How to check if an integer number is a power of 2 in Java is one of the popular programming interview questions and has been asked in many interviews. Surprisingly, this problem which looks simple enough to answer doesn't turn out that simple if for many developers. Many Java programmers, both freshers and less experienced, struggle to write code for a function, which can check if the number is the power of 2 or not. There could be many different reasons for that, but it’s expected to at least come up with a brute force solution. For those who are familiar with bitwise operators in Java, how positive and negative numbers are represented in binary format, this exercise is quite easy.

Since negative numbers are represented as 2's complement value in Java, you can easily find if any number is the power of 2 or not by looking at its bit pattern. Remember checking for the power of two is different than checking if a number is even or odd, that’s another thing to note. A number can be even, but it’s not necessary to be a power of two, e.g. 6 is even but it’s not a power of two.

Also, basic knowledge of essential data structure and algorithms is also very important and that's why I suggest all Java programmers join a comprehensive Data Structure and Algorithms course like

Since negative numbers are represented as 2's complement value in Java, you can easily find if any number is the power of 2 or not by looking at its bit pattern. Remember checking for the power of two is different than checking if a number is even or odd, that’s another thing to note. A number can be even, but it’s not necessary to be a power of two, e.g. 6 is even but it’s not a power of two.

Also, basic knowledge of essential data structure and algorithms is also very important and that's why I suggest all Java programmers join a comprehensive Data Structure and Algorithms course like

**Data Structures and Algorithms: Deep Dive Using Java**on Udemy to improve your knowledge and algorithms skills.##
__3 ways to check if a number is the power of two or not__

In this article, we will see 3 simple examples to check if any integer number is power of 2 or not. We have three methods, which uses bitwise operator, brute force way and bit shit operators to solve this problem.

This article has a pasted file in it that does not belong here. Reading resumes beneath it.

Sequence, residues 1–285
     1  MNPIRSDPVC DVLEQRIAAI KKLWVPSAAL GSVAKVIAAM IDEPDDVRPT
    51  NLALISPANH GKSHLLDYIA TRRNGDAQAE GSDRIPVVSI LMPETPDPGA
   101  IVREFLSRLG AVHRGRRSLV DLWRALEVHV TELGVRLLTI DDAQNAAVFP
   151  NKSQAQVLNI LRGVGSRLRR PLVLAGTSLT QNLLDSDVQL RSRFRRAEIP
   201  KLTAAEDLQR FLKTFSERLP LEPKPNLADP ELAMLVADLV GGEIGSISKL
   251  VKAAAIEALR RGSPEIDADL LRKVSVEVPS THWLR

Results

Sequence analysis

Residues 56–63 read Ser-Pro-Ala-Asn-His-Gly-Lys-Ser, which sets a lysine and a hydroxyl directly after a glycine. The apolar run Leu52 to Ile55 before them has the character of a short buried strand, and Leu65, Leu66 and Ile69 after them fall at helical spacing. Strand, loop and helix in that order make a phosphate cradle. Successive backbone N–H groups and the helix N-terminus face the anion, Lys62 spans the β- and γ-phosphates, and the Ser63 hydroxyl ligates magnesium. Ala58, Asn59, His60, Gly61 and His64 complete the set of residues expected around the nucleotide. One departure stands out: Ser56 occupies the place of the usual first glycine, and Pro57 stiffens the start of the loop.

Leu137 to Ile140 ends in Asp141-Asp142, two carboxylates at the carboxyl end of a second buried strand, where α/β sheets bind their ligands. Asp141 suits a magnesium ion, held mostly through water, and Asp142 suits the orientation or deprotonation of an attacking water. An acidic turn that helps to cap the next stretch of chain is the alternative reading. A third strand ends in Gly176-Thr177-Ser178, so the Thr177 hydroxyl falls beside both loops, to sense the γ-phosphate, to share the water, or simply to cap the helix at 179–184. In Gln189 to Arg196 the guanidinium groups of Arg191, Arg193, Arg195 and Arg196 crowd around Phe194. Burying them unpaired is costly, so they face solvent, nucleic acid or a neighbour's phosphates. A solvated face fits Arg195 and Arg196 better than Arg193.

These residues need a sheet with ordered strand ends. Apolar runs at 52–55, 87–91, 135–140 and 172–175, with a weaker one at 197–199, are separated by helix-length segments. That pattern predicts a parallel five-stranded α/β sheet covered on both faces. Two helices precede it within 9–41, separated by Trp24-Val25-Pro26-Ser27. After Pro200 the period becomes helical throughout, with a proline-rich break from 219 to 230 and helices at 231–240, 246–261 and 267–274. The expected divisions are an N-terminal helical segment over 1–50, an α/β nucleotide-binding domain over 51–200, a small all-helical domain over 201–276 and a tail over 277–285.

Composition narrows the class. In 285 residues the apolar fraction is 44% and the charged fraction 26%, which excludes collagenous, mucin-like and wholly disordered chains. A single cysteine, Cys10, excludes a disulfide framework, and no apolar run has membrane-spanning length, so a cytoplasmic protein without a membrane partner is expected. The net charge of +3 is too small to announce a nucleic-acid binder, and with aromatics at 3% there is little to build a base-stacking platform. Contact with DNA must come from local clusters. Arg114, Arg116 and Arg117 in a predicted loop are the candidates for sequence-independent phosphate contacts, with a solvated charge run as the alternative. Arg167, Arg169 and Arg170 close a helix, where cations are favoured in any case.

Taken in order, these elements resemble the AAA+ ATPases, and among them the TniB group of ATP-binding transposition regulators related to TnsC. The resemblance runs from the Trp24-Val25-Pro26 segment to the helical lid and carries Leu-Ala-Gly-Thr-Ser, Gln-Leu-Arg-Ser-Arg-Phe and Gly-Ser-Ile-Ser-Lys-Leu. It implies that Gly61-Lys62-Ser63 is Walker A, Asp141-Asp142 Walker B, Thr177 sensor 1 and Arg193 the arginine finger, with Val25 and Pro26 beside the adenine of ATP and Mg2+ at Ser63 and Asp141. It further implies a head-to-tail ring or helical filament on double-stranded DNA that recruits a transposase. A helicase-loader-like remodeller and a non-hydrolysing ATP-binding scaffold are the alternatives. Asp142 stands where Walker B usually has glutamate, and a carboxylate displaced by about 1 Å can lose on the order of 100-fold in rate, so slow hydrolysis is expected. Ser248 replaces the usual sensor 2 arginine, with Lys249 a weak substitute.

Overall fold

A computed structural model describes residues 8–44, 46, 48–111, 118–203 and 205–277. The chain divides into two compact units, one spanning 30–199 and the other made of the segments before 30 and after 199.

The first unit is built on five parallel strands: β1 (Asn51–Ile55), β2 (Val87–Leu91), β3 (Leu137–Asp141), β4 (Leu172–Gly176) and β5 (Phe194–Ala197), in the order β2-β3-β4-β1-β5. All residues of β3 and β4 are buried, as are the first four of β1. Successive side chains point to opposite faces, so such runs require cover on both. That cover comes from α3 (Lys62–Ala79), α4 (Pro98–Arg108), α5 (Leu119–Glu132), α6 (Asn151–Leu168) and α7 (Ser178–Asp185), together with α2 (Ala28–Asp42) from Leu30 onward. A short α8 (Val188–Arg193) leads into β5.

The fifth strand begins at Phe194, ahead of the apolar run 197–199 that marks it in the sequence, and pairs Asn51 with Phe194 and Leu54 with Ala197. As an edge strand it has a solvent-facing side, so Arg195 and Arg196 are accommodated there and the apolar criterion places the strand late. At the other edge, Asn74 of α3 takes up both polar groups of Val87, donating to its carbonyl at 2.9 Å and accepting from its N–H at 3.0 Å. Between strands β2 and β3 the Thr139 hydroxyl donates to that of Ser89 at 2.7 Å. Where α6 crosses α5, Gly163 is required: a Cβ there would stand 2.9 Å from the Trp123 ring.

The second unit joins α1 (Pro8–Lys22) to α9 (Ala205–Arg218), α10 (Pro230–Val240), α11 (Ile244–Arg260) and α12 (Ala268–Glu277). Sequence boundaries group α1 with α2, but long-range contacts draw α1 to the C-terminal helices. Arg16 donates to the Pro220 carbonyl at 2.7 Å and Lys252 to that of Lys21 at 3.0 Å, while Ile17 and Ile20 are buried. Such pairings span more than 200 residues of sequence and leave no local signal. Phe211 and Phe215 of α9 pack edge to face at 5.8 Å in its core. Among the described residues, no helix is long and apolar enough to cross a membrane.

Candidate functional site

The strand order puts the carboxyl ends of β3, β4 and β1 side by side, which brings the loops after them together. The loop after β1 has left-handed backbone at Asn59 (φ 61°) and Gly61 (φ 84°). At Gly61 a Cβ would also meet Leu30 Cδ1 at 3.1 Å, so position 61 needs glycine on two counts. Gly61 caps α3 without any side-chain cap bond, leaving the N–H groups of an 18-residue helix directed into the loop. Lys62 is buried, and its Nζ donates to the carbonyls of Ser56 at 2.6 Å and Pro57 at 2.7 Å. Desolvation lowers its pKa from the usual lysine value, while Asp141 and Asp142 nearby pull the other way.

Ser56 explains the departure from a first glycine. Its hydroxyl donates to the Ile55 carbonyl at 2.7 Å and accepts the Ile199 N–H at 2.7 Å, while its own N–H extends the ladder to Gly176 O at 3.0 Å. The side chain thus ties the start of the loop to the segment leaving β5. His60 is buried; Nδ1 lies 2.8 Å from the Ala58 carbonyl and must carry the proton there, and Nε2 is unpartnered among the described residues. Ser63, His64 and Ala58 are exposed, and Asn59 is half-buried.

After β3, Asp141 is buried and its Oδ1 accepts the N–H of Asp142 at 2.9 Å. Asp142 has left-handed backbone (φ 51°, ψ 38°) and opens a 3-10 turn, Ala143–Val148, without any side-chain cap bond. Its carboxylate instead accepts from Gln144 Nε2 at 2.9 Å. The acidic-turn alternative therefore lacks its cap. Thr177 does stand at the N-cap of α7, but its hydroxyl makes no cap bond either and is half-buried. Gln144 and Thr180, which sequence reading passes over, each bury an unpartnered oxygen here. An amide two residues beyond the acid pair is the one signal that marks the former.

Method which uses bitwise operators can not check if zero is power of 2 or not, and only work for integer number which is greater than or equal to 1. here are code example of 3 simple method to find out if a number is power of 2 or not :

Method which uses bitwise operators can not check if zero is power of 2 or not, and only work for integer number which is greater than or equal to 1. here are code example of 3 simple method to find out if a number is power of 2 or not :

public class

*PowerOf2Test*{
public static void

**main**(String*args*[]) {
int[] numbers

**=**{*0*,*1*,*2*,*6*,*8*};**for**(int num

**:**numbers){

System

**.**out**.**println("isPowerOfTwo()-- is "**+**num**+**" power of two in Java :"**+**isPowerOfTwo(num));
System

**.**out**.**println("powerOfTwo()-- is "**+**num**+**" power of two in Java :"**+**powerOfTwo(num));
System

**.**out**.**println("checkPowerOfTwo()-- is "**+**num**+**" power of two in Java :"**+**checkPowerOfTwo(num));
System

**.**out**.**println("-----------------------------------------------------------");
}

}

/*

* checking if number is power of 2 using bit shift operator in java

* e.g. 4 in binary format is "0000 0000 0000 0000 0000 0000 0000 0100";

* and -4 is "1111 1111 1111 1111 1111 1111 1111 1100";

* and 4&-4 will be "0000 0000 0000 0000 0000 0000 0000 0100"

*/

private static boolean

**isPowerOfTwo**(int*number*) {**if**(number

**<**

*0*){

**throw**

**new**IllegalArgumentException("number: "

**+**number);

}

**if**((number

**&**

**-**number)

**==**number) {

**return**

*true*;

}

**return**

*false*;

}

/*

* checking if number is power of 2 using brute force

* starts with 1, multiplying with 2 it will eventually be same as original number

*/

private static boolean

**powerOfTwo**(int*number*){
int square

**=***1*;**while**(number

**>=**square){

**if**(number

**==**square){

**return**

*true*;

}

square

**=**square******2*;
}

**return**

*false*;

}

/*

* find if an integer number is power of 2 or not using bit shift operator

*/

private static boolean

**checkPowerOfTwo**(int*number*){**if**(number

**<**

*0*){

**throw**

**new**IllegalArgumentException("number: "

**+**number);

}

**return**((number

**&**(number

**-**

*1*))

**==**

*0*);

}

}

Output

**:**
isPowerOfTwo()

**--**is*0*power of two in Java**:***true*
powerOfTwo()